With the strategy decided, Alexios led his Byzantines and a small group of Turks in a disciplined advance toward Bryennios’ army, while the majority of the Turks concealed themselves behind the hills. Alexios’ force advanced within a bowshot of Bryennios’ troops, and “the Turks [who were with Alexios] riding up one after the other covered the [rebels] with showers of arrows” (The Alexiad I.600). In the face of the new assault, Bryennios finally reorganized his ranks and counterattacked.
It was exactly what Alexios must have hoped for. Following their plan, the Byzantines briefly defended themselves before making an orderly withdrawal between the hills that hid the Turks. Bryennios and his army charged after them, seeking to finish off what appeared to be the last remnants of Alexios’ army. However, once the Byzantines “reached the first place where their men were hidden, they wheeled about and faced [the rebels]” (The Alexiad I.600). The signal to spring the ambush was given, and the Turks galloped over the hills, shouting and showering Bryennios’ troops with volley after volley of arrows.
The rebel army withered under the assault and began to retreat, the Byzantines assailing them all the while. Bryennios was attempting to coordinate the withdrawal when two Turks attempted to drag him from his horse. Exhausted and unable to defend himself, he surrendered and was taken to Alexios. The Battle of Kalavrye, costly for both sides, was over.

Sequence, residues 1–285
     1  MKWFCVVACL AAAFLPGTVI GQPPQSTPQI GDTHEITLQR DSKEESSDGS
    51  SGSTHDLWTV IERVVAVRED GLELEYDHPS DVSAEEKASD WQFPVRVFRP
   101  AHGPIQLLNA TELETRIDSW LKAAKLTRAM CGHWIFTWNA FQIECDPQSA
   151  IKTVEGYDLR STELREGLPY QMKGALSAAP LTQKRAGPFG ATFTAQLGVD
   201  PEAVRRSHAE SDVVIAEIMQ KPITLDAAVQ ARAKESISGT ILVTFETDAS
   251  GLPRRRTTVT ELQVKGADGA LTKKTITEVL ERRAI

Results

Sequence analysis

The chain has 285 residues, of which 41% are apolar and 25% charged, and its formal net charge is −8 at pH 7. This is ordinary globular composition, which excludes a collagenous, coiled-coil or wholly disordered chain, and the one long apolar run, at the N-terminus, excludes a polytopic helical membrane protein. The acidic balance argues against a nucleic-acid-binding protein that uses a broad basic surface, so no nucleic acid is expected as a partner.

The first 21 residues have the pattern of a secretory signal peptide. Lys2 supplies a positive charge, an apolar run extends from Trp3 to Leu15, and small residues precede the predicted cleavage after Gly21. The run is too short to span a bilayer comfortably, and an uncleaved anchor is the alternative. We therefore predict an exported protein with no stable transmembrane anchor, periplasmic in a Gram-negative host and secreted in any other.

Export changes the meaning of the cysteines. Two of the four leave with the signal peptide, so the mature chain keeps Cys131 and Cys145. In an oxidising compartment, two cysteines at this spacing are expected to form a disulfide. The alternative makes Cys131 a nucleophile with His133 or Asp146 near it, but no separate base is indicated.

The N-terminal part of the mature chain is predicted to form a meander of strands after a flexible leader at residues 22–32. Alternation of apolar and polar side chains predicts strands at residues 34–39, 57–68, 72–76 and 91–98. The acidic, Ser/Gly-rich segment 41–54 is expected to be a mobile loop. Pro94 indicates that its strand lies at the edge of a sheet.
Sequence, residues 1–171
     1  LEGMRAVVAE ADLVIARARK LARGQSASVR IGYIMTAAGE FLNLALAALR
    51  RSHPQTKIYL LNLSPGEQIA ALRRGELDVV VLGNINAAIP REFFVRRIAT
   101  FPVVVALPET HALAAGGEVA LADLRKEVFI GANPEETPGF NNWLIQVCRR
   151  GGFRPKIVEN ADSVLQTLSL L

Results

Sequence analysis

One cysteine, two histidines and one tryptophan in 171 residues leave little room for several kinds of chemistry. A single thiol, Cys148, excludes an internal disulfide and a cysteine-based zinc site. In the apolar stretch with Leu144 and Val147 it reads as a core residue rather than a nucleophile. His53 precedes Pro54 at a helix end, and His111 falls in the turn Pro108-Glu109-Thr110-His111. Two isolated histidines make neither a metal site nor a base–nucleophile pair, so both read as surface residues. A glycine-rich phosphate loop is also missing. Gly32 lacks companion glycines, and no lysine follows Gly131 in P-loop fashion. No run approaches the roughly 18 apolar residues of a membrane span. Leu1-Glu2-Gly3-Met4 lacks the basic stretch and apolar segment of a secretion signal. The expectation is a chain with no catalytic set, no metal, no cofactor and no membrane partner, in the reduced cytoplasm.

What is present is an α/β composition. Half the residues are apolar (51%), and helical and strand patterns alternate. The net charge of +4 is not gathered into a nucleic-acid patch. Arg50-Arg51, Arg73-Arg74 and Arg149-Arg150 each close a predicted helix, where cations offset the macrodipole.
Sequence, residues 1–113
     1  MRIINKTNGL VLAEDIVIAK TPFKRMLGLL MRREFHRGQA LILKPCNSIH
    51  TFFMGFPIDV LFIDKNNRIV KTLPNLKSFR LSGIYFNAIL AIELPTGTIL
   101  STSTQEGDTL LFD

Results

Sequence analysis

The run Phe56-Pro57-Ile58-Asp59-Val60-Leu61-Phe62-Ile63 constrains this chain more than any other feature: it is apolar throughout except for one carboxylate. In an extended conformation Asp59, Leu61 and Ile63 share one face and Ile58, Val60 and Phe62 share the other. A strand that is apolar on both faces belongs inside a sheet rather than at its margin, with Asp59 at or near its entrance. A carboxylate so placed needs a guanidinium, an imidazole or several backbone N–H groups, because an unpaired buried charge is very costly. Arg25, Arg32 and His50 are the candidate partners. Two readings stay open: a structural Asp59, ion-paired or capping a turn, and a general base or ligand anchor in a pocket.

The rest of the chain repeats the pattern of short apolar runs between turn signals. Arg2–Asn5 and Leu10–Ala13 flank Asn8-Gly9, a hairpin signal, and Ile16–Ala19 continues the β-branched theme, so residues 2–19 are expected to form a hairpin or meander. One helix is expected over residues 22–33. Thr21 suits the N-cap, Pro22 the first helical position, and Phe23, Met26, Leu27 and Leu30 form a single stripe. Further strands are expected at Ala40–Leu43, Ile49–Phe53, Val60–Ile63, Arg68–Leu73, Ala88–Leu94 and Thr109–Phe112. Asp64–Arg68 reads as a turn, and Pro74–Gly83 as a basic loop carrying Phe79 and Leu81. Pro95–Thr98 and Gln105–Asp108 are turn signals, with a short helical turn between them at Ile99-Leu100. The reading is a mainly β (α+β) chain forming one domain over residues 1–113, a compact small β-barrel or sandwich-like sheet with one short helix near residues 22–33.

After a brief rest, Alexios triumphantly sent Bryennios to Constantinople to be judged. There, the rebel leader was blinded and stripped of his honors and possessions. Emperor Nikephoros III Botaneiates, however, soon had mercy on him, pardoned him, and restored his lands. Later, the Bryennios and Komnenos clans were reconciled in the marriage of Alexios’ daughter, Anna, to Bryennios’ descendant, Nikephoros Bryennios the Younger.
Alexios served Emperor Botaneiates for three years after Kalavrye, halting other rebellions, but in 1081 A.D./C.E., it was his turn to rebel. Botaneiates had accused him of disloyalty and attempted to move against his family, so Alexios, still the supreme commander-in-chief and beloved by the troops, gathered his army and deposed the emperor. Soon, he was crowned emperor,* ruling until his death in 1118, a reign longer than those of the previous eight emperors combined. As emperor, he was a capable leader, yet it was undoubtedly his diplomatic, strategic, and martial abilities developed during his early victories over Balliol and Bryennios that helped him to be so.
*Alexios had a legitimate claim through his father, Emperor Isaac I Komnenos (r.1057-1059).
- Anna Komnene. The Alexiad. Revised Edition. Translated by E. R. A. Sewter. Edited by Peter Frankopan. London: Penguin, 2009.
— A different translation can be read for free online, courtesy of Fordham University.
- Nikephoros Bryennios the Younger. Materials for History.
- Norman Tobias. “The Tactics and Strategy of Alexius Comnenus at Calavrytae, 1078.” Byzantine Studies 6, (1979): 193-211.
(Both The Alexiad and Materials for History certainly are politicized accounts—written, no less, by relatives of Alexios—but they date from the twelfth century and give a glimpse of how high-ranking Byzantine courtiers viewed the events.)